My name is Dana, and I’m a happy empty nester. (My husband and I are in this together, so make that two of us.) This probably doesn’t sound like such a big feat, but for me, it was a long and difficult transition. So read on to learn a little about my journey to acceptance.
Empty nesting, or as my author pal Isabelle Drake, refers to it, “successful parenting,” is that period in life when, after many trial runs and test takeoffs under the guidance of a flight instructor, our young aviators fly off to make lives of their own.
Parents either look forward to that part of life with anticipation or dread its inevitable approach. In the beginning, even though I said I wanted my kids to fly, I dreaded it.
I know it was selfish, but I couldn’t stop myself. You see, for nearly two decades, my work focus had been to help three rambunctious girls develop into decent, responsible adults, and then I was summarily dismissed, not once but three times. (Okay, I did other things during those years, including writing my first sixteen novels, but please indulge my penchant for hyperbole this once.) I felt so obsolete. Discarded. Lost. But beyond that, I grieved for my baby who was no longer a baby and for our family that would never be together in our house in the same way again. Psychologists call this Empty Nest Syndrome, and I was a poster child for it.
My solution to these out-of-control feelings was to help our children prepare for their departures with my endless shopping lists and check-off lists. Let’s just say that the family was lucky to survive my brand of help.
At least the leaving took place in stages, with only one plate at the dinner table vanishing every two years. The first was the hardest. I’m pretty sure I cried through all of Massachusetts and most of New York in 2011 as we returned from leaving our first daughter at her university in Boston.
At home, I sobbed when I looked in her bedroom, and I started up again when I found her ACT scores while going through some papers. I kept forgetting to set only four plates for dinner instead of five. It took all of my inner strength to keep my promise to avoid calling or texting her and to let her control our contact while she was at school.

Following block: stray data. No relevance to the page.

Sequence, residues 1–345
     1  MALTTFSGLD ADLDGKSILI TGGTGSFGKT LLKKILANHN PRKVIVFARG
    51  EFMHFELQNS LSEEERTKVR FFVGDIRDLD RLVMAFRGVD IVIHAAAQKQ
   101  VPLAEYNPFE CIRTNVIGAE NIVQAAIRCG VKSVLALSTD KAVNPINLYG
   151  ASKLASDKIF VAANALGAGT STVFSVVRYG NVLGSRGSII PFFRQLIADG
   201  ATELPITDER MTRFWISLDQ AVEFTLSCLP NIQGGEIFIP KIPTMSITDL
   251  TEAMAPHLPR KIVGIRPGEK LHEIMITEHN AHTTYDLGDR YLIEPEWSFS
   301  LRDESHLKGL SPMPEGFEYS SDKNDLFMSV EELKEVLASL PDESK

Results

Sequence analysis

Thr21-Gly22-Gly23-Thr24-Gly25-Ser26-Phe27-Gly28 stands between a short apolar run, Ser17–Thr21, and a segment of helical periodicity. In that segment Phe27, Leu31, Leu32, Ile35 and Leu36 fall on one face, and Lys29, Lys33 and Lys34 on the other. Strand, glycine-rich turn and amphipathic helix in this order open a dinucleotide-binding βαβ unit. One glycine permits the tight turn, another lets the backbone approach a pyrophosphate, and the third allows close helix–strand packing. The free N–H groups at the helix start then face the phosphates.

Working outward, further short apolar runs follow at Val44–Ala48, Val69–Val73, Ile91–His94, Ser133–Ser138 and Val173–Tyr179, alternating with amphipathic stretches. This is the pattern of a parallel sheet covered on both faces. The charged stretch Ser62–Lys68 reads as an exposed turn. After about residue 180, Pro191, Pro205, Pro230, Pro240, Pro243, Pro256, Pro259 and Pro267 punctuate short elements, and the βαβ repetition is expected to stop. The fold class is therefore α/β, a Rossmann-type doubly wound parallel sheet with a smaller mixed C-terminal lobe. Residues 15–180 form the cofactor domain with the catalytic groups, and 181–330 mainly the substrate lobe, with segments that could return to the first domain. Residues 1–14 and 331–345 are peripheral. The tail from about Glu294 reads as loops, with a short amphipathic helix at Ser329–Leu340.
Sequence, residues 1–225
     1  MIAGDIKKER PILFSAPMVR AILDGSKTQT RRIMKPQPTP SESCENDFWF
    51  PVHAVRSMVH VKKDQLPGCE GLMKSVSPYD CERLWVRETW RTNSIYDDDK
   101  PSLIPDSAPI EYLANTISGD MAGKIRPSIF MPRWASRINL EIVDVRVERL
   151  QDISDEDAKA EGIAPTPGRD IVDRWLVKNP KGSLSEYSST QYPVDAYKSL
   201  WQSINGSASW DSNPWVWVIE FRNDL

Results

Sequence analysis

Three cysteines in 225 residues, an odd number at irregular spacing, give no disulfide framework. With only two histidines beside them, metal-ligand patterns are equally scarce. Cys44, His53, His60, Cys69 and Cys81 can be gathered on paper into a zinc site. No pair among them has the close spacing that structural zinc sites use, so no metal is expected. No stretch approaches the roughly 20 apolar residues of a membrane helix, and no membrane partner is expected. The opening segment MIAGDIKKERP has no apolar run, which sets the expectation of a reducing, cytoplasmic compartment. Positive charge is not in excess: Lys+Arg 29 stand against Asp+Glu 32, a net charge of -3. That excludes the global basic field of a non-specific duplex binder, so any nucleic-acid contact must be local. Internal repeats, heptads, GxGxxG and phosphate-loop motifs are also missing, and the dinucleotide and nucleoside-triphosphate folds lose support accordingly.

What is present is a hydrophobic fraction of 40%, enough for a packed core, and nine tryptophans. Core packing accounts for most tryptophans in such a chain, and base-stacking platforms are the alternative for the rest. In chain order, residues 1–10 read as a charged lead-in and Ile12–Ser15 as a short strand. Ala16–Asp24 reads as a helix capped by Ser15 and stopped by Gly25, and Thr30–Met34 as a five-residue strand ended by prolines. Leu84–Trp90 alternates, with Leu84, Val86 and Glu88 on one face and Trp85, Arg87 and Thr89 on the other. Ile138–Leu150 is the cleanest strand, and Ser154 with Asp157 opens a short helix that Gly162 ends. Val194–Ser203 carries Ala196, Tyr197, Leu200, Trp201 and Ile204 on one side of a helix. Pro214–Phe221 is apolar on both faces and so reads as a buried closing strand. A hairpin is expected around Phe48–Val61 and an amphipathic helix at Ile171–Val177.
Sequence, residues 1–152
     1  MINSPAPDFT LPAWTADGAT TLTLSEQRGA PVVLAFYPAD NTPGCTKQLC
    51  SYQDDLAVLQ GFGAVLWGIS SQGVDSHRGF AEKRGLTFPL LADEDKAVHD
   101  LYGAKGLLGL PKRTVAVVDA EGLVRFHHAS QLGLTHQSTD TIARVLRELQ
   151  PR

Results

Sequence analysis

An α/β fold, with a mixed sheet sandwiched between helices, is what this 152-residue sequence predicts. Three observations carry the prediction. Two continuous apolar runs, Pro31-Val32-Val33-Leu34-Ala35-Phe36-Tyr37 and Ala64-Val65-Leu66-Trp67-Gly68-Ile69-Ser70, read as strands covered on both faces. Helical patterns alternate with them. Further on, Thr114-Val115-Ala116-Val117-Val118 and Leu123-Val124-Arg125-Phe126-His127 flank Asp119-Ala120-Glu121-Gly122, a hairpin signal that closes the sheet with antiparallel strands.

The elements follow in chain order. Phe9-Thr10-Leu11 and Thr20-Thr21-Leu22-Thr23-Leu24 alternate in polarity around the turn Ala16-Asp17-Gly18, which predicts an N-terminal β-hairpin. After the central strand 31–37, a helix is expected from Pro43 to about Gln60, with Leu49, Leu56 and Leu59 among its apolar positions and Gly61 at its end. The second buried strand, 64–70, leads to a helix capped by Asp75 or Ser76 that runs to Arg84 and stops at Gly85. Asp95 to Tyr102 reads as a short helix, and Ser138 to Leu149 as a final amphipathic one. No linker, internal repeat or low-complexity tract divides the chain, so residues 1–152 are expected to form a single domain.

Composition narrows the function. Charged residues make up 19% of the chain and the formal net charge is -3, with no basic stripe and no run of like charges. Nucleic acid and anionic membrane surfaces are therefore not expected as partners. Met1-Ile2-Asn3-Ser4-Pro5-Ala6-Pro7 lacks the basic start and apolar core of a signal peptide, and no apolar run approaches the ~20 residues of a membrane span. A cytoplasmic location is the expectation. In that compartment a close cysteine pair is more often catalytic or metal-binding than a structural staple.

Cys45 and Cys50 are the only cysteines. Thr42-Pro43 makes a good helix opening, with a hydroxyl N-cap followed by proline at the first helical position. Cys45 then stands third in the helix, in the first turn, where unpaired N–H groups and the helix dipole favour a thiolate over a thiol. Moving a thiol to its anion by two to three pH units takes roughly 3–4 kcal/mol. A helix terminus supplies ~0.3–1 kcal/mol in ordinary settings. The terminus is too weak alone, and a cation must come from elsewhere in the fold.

But life did go on at our house, and by the time our second daughter left in 2013, I had become a little stronger. I only cried for about 30 minutes this time, though, admittedly, her college was only…uh…30 minutes from home.
So then there were only three of us at the table. And, believe it or not, our youngest wasn’t prepared to entertain her parents every minute of the day, so my husband and I were left to our own devices. That was when we rediscovered us. Though we’d spent the past two decades attending soccer games, swim meets, Confirmation services, choir concerts and awards banquets – and we didn’t regret a minute of it – now we had time to do things just for us. We could ride bikes together, go to concerts and go to movies. We had time to remember why we were married and why we’d established this family in the first place. And we found that there were a lot of reasons.
By the time that we delivered our third daughter to college across the state in 2015, I could finally be thrilled for her in her new journey. Sure, I cried again. She is our baby, after all. But I finished quickly, and then we headed off for a fun weekend getaway. There was some strangeness when we arrived home to a really empty house – only two plates this time – but it wasn’t as hard as I’d expected. The girls had been ready for years to be the people we’d raised them to be, and I was finally ready to let them without feeling left behind.
So I really am a happy empty nester now. Happy for the girls and happy for us. Our house might be empty, but our lives are full.